Tim Vest: Yeah. And some of that’s confidence, right? And that’s one of the things that I got out of mentorship and masterminds and stuff is that confidence that, “Hey, get it under contract.” Get it under contract and you’ll figure it out like just surround yourself with people that can help you and advise you but you’ll figure it out. And quite frankly, there’s no motivation like having something under contract and knowing you got 30 days to make it work. But some of that comes with just being like, “You know what, if I fail, I fail. Whatever. At least I’m going to learn something.” So, taking action, that would be one of the things I would go back and tell the younger self, “Hey, do,” that I actually did later that I think I’ve been good at. And then lesson learned, I would say, never put yourself in a position where you have one way out, one exit.
When I first got into real estate was 2006. It was in land development. We were taking raw land, working with a developer to get it to a point where it was ready to be developed with the general market so getting infrastructure in place. And there was only one way out in that, and that was to make sure that the developer that we were partnered with was able to complete that infrastructure piece. If they didn’t, then you were left with basically land that you overpaid for with a bunch of trees on it that may or may not have roads to access it. And when 2008 came around and the market crashed like it did, our developers went belly up and we were left with that kind of land. And so, doing things where you only have one way out and you’re solely dependent on somebody to deliver, I don’t do deals like that anymore.
Josh Cantwell: That’s great advice. Tim, thanks for that. Yeah. I agree, man. If there’s anything that 2008 through 2010 taught us that we can’t repeat now is exactly that, having ways to get out of deals, refinance, new construction, that type of stuff. It’s got to be done at the right time. It’s getting done as the market is expanding, not when the real markets are like super mature, right? The market’s really mature right now and we all know that these things go in cycles. We all know that central bankers make and break markets. And if the central bankers pull back on lending or pull back on like I said, look, Lehman Brothers took down most of the world, right? And they’re talking about now about this Evergrande in China being their Lehman moment.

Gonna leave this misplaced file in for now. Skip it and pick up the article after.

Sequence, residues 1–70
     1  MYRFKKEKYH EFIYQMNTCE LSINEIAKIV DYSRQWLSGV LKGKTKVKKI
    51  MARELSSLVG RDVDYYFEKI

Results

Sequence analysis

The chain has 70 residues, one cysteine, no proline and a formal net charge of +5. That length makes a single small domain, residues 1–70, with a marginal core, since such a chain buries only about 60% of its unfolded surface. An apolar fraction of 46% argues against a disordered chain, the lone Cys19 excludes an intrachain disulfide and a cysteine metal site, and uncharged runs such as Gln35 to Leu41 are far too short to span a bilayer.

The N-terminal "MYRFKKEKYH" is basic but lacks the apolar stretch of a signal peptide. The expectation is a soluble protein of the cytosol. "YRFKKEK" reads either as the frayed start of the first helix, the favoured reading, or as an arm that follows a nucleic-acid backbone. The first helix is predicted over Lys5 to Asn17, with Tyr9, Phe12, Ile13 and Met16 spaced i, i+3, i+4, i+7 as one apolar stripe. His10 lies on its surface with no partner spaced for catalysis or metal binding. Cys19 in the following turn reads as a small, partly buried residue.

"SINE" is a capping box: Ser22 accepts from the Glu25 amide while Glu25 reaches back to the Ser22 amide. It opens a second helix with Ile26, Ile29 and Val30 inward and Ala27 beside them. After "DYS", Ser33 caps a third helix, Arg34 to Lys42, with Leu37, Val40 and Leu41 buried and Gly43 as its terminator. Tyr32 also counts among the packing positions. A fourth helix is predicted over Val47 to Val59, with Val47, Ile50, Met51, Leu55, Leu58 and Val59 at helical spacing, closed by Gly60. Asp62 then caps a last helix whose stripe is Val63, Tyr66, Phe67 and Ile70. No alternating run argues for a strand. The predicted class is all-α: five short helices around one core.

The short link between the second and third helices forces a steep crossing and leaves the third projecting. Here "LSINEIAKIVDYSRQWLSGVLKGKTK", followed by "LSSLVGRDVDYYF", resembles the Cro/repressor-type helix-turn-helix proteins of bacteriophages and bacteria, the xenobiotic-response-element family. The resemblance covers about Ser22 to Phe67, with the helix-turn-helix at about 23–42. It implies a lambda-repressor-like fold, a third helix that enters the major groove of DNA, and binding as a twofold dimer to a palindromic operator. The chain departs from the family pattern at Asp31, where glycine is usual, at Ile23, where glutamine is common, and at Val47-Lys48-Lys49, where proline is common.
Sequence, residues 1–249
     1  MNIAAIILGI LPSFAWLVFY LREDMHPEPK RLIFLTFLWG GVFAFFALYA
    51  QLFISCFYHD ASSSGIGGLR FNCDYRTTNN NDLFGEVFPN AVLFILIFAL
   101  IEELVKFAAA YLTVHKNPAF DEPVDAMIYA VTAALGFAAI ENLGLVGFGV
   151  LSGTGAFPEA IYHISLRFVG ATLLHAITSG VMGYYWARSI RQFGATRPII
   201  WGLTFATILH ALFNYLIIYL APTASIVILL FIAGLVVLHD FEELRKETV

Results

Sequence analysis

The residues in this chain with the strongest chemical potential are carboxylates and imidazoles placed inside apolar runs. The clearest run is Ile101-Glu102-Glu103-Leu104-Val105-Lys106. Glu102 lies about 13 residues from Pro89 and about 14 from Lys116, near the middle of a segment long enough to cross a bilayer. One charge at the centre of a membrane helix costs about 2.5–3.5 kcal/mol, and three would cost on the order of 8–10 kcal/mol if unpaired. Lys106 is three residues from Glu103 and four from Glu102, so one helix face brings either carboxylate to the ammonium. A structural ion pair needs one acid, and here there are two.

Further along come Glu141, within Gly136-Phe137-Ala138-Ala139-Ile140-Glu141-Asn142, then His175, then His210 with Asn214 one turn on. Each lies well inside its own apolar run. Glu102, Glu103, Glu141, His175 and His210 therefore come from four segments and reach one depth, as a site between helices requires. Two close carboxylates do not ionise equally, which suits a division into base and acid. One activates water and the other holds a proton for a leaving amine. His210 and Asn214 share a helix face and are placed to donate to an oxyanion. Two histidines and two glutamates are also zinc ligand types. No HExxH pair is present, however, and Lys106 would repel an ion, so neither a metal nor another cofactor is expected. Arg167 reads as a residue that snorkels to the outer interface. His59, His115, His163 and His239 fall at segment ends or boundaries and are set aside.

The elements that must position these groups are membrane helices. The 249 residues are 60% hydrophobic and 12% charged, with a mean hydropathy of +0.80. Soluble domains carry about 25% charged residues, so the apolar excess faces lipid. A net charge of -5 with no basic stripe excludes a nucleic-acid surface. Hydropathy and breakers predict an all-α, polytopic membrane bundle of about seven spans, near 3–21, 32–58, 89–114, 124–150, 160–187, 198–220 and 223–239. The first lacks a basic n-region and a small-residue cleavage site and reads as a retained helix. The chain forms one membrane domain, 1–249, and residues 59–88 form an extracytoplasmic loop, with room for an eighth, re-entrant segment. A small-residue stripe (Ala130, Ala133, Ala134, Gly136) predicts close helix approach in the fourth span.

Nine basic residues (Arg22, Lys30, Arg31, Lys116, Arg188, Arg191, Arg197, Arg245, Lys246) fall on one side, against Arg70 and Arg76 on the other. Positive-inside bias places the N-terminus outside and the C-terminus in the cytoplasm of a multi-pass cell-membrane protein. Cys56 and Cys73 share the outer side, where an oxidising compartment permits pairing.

Tim Vest: Yeah.
Josh Cantwell: Does that make me nervous? Not super but I’m also not dumb. Like, I remember Lehman like I remember that. It was only 12 years ago, 13 years ago. So, let’s not be stupid. We’ve got to be smart about how we’re investing. So, yeah, I love deals where we’ve got permanent financing on them. We can refi if we need to, if we want to, but we’re not going to lose the asset because the note gets called due at the wrong time. That’s a big, big mistake. So, I appreciate you sharing that. So, Tim, let’s wrap up with our final five. You ready for these?
Tim Vest: I think so.
Josh Cantwell: Yeah. Five quick questions. Five quick answers. Of course, our audience loves to hear this, the favorite part of the episode. Let’s start with number one. Tim, what’s your favorite way to get and find new deals?